Unthankful, adj.: not feeling gratitude

Well, it has been a while! I sat down at least three times to write a Thanksgiving post. It is my favorite holiday, the one with absolutely no controversial pagan underpinnings. 🙂 I love the traditions of turkey and cranberries and family. This year we had our traditional meal almost a week early to include two of my siblings as well as two of my aunts and their husbands.

The actual Thanksgiving Day found me cooking a birthday breakfast and playing Catan with my husband and little boys until I had to stop and cook up some delectables for an early afternoon supper with the aunts. No turkey at all, but such a fun day. Camaraderie with loved ones, good food (possibly the best date pudding ever constructed in Osterburg, if I do say so myself) and good cheer. Do you ever feel like you are so blessed, it isn’t fair? It is easy to list all the cozy things, the smiley things, the kindnesses.

I set myself a challenge, every year, to find the things I am most tempted to grouse about and be thankful for them. The list is both revealing and embarrassing. Also private. But I will give you one example.

A few weeks ago a bunch of us ladies from church were polishing fruit for baskets to distribute to our neighbors. My nurse friend who works nightshift and I were talking about how nightshift just stinks, me from my perspective and her from hers: how the rhythms of normal life get so mixed up, the social life withers and all but dies, etc, etc. Someone else observed, kindly and truthfully, “There are probably worse things.” I suppressed the sudden urge to lob an apple across the room and we dropped the subject.

But it kept coming back to me, “This is your unlikely thing to become thankful for.” Okaaay. I started thinking about it. I write in the evenings when I am alone, after the bedtime drama is over and I don’t have my husband to converse with. Without so much night shift this past year, the blog would probably only have half the posts, or fewer.

Nightshift means much less cooking for me, since “the rhythms get all messed up” and my kids think Ramen noodles are a party. It means long evenings to read stories to the children and play games and having all the pillows and the bed to myself. 🙄  Nightshift is mostly calmer for the nurses and pays a teeny bit more.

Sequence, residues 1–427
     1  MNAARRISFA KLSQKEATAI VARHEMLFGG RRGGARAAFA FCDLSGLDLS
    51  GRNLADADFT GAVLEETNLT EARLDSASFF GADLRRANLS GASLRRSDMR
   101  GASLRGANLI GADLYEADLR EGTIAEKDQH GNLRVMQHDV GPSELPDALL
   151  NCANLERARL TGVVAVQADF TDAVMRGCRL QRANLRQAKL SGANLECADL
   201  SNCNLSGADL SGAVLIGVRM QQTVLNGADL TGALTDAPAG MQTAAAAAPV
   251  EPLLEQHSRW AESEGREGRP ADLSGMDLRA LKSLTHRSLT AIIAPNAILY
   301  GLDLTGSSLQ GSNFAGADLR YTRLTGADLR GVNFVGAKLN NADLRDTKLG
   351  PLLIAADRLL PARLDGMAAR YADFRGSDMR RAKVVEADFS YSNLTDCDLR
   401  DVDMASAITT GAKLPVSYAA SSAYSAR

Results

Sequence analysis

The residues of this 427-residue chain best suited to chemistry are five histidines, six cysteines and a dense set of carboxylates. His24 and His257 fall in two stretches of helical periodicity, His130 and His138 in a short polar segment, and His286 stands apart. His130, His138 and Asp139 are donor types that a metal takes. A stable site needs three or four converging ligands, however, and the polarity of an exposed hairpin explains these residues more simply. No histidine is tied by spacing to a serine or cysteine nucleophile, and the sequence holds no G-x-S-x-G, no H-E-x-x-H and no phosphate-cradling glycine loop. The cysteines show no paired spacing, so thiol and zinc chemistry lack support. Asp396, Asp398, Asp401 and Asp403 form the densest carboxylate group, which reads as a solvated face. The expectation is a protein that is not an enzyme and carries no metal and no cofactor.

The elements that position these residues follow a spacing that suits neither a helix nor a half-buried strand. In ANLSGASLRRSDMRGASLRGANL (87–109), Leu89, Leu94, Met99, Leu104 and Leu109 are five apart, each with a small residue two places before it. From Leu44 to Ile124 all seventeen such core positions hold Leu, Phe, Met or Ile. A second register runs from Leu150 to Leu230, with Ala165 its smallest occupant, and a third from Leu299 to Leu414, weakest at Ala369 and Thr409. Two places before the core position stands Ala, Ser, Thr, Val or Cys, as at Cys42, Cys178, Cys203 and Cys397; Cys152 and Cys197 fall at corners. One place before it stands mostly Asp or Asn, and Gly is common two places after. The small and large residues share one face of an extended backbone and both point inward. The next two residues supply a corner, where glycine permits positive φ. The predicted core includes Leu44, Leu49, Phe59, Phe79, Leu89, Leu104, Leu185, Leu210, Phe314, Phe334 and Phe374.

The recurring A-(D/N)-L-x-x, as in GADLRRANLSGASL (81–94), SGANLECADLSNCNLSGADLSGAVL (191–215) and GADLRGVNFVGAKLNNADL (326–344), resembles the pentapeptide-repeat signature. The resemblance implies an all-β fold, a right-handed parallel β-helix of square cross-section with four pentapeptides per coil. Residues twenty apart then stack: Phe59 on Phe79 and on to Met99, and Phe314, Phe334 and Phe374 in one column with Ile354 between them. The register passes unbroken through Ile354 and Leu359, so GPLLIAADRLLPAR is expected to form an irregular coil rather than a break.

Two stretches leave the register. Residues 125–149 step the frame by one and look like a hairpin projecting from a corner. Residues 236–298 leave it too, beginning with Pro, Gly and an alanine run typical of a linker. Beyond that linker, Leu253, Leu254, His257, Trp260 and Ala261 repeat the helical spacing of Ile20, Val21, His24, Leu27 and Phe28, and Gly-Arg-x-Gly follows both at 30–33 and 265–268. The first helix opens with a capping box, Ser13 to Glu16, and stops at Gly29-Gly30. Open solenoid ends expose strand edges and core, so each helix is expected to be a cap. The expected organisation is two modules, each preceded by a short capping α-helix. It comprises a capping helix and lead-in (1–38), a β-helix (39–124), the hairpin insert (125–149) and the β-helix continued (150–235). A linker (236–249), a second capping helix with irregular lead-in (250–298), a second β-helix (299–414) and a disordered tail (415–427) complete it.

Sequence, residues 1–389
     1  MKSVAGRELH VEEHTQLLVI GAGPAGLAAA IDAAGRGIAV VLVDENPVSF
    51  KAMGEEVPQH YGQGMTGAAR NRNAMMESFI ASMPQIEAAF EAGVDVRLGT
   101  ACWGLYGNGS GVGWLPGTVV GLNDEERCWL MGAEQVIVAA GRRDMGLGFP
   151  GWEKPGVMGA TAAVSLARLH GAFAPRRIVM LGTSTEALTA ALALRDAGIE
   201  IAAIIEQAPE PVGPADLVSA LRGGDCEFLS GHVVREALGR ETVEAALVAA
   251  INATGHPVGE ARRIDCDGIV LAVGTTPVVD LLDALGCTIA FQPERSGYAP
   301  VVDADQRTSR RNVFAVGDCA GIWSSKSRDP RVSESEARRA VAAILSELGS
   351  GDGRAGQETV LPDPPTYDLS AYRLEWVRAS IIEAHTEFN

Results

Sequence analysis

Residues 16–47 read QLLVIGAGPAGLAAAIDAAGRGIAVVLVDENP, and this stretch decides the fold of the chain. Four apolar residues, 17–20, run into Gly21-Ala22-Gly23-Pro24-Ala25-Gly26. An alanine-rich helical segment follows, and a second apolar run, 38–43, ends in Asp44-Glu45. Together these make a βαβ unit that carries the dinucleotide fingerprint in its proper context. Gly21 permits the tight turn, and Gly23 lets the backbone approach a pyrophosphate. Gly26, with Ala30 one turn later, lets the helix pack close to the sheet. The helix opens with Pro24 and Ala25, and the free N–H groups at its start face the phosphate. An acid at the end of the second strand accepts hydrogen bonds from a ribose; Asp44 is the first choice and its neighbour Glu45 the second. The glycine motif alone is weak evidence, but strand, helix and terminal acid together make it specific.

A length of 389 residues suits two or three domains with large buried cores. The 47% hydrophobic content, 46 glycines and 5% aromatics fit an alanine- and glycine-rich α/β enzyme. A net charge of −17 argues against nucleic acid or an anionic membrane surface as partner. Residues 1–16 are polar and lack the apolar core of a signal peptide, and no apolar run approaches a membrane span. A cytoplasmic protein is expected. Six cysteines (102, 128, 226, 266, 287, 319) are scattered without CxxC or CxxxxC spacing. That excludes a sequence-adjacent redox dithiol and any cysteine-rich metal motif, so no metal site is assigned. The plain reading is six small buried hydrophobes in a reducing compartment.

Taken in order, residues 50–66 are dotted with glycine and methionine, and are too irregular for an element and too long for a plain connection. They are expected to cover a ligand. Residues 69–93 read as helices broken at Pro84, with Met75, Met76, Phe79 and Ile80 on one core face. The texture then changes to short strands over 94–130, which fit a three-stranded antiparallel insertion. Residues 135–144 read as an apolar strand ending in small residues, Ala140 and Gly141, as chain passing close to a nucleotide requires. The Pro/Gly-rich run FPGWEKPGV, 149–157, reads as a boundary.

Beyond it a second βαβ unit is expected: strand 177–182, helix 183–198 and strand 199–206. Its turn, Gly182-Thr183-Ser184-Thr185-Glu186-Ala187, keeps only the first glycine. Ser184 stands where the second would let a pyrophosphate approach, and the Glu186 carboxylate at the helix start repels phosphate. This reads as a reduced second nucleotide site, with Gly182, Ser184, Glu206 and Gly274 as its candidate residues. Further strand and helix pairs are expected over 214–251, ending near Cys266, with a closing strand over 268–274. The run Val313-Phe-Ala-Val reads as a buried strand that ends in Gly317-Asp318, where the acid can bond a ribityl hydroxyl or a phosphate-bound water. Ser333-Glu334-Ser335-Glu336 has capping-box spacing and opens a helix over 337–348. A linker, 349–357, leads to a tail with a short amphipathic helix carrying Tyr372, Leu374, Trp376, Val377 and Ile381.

It is easier for me to be thankful for nightshift, since my man now has enough time at his job to state his preferences for next year, and he stated his preference to be day light hours. Oh glory! I think I can stay thankful for the month of December, yet.

 “How sharper than a serpent’s tooth it is

To have a thankless child!”- Shakespeare

4 thoughts on “Unthankful, adj.: not feeling gratitude

  1. Great post! I really enjoy reading what you share. Thanksgiving is a wonderful holiday. 🙂 Since Richard has been working night shift, I feel that I can throw in my two cents and say that night shift really does mess with the rhythms of life!
    We had a lovely Thanksgiving and the Lord has blessed us so very much! He is so good!!!! 😀

    1. Nightshift is a rite of passage for graduate nurses, I guess. One thing I forgot to mention is that I can make a quick run to the grocery store or post office, take a walk, etc. when he is at home during the day, even if he is sleeping.

  2. Good stuff. I like this idea very much. I guess I’ll start my unlikely thanks with 30 below weather. The quote from Shakespeare is great! SO true.

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